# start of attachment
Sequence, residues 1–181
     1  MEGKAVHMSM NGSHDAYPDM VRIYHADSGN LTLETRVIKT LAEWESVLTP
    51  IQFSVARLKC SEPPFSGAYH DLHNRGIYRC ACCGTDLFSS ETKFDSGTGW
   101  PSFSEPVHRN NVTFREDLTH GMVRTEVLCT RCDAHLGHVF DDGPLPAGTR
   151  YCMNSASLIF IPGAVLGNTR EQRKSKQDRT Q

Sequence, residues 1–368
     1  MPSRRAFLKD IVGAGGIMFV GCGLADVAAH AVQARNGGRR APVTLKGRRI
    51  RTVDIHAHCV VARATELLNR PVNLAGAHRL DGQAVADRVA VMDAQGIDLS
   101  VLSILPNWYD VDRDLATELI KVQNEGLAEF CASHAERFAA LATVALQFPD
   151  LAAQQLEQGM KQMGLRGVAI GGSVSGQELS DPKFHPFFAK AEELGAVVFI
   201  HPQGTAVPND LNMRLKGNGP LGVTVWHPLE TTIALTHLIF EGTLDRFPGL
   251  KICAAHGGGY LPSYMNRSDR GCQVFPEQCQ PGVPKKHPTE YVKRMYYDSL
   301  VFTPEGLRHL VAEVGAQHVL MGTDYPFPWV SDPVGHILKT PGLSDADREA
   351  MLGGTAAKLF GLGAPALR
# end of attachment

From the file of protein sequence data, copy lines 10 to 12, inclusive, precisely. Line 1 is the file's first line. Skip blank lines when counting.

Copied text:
   151  LAAQQLEQGM KQMGLRGVAI GGSVSGQELS DPKFHPFFAK AEELGAVVFI
   201  HPQGTAVPND LNMRLKGNGP LGVTVWHPLE TTIALTHLIF EGTLDRFPGL
   251  KICAAHGGGY LPSYMNRSDR GCQVFPEQCQ PGVPKKHPTE YVKRMYYDSL